• went somewhere new (Gatlingburg, TN)

IMG_6544-2

  • watched 50 new movies
  • made a jar for memories (and gave it to Sarah)

IMG_4349

  • was more confident in a bathing suit than I have been, but we’re still working on it
    IMG_7650
  • wrote at least 3 letters to 23-year-old Sammy
  • ran a 5k (and took HORRIBLE pictures but I’ll post them here anyway)

FullSizeRender-2

  • finished my daily sudoku puzzles (from 2014)
  • went to a concert (Ed Sheeran!!)
  • watched the sunrise

unnamed-1

  • learned how to use chopsticks
  • joined a new club (lol yay CLT!)
  • explored interesting buildings on campus that I’ve never seen before

unnamed-17

  • wrote a letter

IMG_0592

  • took a hot bath/had a spa day (this is the most scandalous pic I’ve ever taken)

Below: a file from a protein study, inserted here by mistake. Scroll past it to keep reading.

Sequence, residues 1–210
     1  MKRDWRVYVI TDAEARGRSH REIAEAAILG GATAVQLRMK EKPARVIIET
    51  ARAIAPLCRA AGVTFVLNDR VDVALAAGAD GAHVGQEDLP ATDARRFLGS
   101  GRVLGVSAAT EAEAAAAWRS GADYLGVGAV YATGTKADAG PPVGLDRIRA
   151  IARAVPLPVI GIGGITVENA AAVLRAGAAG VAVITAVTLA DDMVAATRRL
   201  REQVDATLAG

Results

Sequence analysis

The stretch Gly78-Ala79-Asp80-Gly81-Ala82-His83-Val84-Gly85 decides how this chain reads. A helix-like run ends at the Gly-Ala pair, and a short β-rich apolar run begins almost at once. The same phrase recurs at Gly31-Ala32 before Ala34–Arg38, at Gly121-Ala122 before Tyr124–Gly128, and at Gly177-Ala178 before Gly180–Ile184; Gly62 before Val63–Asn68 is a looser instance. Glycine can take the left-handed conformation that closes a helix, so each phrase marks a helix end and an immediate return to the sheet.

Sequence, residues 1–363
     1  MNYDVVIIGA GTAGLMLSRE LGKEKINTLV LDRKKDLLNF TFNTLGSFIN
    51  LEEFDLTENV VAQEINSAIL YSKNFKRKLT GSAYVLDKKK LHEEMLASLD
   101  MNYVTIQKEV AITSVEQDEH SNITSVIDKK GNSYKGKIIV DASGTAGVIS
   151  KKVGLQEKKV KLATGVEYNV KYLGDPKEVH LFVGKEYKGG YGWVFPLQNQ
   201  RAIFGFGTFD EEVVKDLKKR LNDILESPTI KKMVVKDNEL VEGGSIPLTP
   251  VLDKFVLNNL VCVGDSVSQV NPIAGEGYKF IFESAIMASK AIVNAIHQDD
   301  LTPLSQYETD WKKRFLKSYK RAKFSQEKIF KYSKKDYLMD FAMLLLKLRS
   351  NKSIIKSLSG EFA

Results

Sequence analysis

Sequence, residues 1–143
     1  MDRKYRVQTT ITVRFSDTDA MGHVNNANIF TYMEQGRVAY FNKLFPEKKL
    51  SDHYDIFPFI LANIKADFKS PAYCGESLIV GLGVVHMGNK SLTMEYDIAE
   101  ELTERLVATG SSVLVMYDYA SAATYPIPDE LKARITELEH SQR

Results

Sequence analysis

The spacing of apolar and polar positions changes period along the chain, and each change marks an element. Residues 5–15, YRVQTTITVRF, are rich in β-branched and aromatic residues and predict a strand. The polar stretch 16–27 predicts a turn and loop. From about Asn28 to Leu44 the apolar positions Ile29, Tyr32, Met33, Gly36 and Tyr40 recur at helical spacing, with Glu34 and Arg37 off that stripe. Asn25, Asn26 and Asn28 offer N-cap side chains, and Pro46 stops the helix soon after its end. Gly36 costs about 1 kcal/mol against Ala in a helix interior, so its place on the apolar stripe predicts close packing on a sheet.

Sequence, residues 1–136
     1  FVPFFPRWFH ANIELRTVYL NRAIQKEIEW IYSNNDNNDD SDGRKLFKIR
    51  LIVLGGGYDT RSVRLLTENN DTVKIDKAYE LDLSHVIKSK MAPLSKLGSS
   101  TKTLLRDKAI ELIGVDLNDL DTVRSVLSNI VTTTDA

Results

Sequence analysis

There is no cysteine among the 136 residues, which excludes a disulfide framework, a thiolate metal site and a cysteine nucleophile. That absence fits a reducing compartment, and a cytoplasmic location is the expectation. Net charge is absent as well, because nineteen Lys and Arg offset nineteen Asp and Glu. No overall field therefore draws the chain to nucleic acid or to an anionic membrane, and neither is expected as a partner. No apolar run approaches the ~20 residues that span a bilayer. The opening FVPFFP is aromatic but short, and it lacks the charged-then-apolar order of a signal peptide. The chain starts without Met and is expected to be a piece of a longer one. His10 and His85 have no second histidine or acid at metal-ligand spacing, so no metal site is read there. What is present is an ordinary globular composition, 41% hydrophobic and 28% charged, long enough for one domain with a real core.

IMG_2644

IMG_0176

  • learned how to tap dance (more or less)
  • started a YouTube channel

IMG_0177

  • took a road trip with Sarah!

FullSizeRender-3

  • used the ouija board for the first time in years (I’m planning on telling that story on here eventually)

and the last thing on my bucket list was:

  • be someone’s inspiration for 2016–I don’t know if I actually did that one but it was a good one to keep on here nonetheless

 

So here’s to 2015, and here’s to the new year! If you feel inclined, I would love to know what some of your highlights of the year were in the comments! Also, leave any suggestions for a 2016 bucket list–Sarah agreed to join me this year and we have some big things planned. 🙂

Sincerely,

Sammy